What financial compensation is required under law or custom to terminate the employment relationship? How is such compensation calculated?
The calculation of the compensation is composed by: (a) severance in lieu of prior notice. The company may waive 30 days’ advance notice if it pays to the employee a severance equivalent to one monthly remuneration capped at US3,250; and (b) severance per time of service. If the employment agreement has been in force for more than one year, the company must pay the severance agreed by the parties, or the statutory severance if no agreement exists equivalent to 30 days of remuneration for each year of service and fraction thereof greater than six months. There are two caps for this severance: (i) time of service may not exceed 11 years; and (ii) the monthly remuneration capped at US3,250.Nonetheless, if that employee was hired before August 14th, 1981, this compensation will not have the 11 years cap.
Can an employer reach agreement with a worker on the termination of employment in which the employee validly waives his rights in return for a payment? If yes, describe any limitations that apply, including in respect of non-disclosure or confidentiality clauses.
The parties can terminate an employment relationship by mutual agreement, with or without a conventional compensation.
Regards to the non-disclosure or confidentiality clauses, no specific legislation governs these covenants. However, Chilean courts and practice have recognised that non-competition and non-solicitation clauses are not entirely prohibited under Chilean law but may be valid under limited circumstances. The following requirements must be met: (a) employees’ consent since no restriction is legally implied; (b) a legitimate supporting reason to protect the business interest of the former employer (e.g., avoiding facilitation to direct competitors); (c) a limited scope and time of effectiveness is paid to the individual subject to the restriction; and (d) consideration paid to the employee.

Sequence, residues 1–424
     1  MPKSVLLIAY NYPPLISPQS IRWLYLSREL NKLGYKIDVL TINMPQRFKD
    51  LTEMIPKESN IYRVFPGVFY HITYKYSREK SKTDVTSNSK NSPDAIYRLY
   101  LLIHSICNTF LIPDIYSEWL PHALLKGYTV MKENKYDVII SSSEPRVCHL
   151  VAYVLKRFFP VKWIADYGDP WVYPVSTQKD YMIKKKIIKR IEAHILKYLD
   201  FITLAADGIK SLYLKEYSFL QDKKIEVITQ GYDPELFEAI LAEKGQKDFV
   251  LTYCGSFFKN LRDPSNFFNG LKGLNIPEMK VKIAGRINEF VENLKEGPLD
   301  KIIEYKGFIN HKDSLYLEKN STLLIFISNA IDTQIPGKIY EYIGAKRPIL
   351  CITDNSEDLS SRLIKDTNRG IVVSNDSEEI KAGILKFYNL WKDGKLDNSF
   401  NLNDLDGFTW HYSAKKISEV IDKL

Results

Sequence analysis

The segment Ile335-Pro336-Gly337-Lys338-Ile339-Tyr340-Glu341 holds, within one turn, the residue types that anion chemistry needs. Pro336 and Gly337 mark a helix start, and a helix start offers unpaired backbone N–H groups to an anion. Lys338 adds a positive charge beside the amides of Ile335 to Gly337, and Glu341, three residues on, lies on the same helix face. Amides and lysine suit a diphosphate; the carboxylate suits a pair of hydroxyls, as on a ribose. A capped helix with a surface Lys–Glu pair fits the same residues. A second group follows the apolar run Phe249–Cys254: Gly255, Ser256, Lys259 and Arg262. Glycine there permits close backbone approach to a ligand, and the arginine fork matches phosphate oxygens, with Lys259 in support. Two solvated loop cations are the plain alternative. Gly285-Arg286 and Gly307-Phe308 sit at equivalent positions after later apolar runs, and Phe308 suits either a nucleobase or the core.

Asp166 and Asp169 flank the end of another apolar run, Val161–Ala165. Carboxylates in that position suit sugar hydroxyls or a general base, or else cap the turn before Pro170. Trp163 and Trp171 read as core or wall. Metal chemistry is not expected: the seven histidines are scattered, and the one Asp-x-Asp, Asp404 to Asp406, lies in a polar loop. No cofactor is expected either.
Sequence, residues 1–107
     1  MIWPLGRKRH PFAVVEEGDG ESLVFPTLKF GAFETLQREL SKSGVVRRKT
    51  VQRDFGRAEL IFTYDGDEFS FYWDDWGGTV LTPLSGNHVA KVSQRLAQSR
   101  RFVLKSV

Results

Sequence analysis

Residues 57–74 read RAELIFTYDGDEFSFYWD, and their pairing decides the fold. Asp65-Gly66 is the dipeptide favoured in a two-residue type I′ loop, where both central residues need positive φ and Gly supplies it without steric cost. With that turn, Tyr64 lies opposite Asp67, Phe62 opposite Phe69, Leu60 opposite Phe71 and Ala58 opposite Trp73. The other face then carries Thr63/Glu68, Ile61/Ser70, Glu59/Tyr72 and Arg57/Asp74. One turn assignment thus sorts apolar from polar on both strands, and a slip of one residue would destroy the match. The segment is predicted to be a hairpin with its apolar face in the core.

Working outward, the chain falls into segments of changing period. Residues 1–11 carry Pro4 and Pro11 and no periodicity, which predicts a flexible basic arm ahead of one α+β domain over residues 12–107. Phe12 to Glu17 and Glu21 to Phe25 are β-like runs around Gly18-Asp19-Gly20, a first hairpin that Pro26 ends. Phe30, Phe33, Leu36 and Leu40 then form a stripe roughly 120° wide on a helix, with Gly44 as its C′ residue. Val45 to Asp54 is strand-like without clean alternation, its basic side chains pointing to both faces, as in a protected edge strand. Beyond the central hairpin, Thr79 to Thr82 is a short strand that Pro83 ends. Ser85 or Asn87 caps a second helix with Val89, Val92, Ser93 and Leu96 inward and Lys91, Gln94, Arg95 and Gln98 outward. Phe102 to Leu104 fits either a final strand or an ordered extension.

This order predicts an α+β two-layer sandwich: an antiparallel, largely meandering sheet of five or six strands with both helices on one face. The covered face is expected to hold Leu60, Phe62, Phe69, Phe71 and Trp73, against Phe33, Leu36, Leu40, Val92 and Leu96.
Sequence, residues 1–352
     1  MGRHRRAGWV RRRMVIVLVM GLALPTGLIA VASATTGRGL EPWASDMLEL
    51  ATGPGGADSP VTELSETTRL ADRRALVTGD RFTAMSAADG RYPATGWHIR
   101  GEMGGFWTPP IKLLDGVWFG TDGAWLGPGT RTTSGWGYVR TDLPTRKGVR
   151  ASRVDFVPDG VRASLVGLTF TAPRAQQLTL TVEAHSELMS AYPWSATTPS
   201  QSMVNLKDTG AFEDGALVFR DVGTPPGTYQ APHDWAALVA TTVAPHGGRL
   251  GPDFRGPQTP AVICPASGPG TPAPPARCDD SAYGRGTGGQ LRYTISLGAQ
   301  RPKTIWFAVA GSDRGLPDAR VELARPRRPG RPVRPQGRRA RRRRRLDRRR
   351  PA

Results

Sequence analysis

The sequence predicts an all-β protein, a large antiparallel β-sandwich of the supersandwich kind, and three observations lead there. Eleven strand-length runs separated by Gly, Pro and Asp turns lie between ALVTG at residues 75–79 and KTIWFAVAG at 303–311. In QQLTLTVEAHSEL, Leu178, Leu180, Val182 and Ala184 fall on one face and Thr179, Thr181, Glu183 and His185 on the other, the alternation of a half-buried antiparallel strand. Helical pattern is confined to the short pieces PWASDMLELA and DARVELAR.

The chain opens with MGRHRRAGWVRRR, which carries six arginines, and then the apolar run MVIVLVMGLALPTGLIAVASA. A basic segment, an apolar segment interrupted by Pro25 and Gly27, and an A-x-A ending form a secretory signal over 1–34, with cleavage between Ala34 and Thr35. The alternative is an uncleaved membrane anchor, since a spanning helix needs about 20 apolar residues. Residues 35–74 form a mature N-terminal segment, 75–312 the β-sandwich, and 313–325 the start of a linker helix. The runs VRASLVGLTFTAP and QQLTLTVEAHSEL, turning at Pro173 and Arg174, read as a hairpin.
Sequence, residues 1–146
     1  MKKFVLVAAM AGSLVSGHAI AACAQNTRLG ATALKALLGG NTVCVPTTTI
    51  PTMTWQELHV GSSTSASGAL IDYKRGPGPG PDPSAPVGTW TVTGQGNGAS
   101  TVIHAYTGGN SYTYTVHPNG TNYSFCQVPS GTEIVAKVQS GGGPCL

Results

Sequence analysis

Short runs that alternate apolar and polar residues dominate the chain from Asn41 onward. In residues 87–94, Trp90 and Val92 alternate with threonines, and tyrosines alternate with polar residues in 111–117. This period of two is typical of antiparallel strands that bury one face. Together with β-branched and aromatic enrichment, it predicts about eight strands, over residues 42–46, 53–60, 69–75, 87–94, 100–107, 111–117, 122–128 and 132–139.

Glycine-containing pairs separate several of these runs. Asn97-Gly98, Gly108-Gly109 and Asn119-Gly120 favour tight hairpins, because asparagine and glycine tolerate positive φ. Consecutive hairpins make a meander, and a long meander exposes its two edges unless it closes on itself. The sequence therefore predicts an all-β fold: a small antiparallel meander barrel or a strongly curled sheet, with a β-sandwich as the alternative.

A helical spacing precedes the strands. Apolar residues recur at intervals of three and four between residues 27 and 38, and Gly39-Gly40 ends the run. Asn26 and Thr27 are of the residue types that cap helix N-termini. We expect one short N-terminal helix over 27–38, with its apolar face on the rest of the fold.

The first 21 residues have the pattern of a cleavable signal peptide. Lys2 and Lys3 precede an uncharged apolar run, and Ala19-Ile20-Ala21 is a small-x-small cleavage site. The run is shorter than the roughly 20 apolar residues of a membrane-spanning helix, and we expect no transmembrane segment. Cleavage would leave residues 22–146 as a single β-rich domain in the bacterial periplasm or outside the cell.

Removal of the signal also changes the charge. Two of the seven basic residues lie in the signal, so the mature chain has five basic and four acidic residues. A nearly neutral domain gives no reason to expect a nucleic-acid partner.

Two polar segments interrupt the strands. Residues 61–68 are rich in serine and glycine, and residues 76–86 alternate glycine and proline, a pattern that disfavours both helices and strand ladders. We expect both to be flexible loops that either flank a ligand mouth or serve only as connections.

Is it possible to restrict a worker from working for competitors after the termination of employment? If yes, describe any relevant requirements or limitations.
Please see response to answer No. 17 above.
Can an employer require a worker to keep information relating to the employer confidential after the termination of employment?
Please see response to answer No. 17 above.
Are employers obliged to provide references to new employers if these are requested? If so, what information must the reference include?
What, in your opinion, are the most common difficulties faced by employers in your jurisdiction when terminating employment and how do you consider employers can mitigate these?
a) Burden on proof for termination for cause events.
b) Low performance with no serious breach is not permitted reason for termination.
Are any legal changes planned that are likely to impact on the way employers in your jurisdiction approach termination of employment? If so, please describe what impact you foresee from such changes and how employers can prepare for them?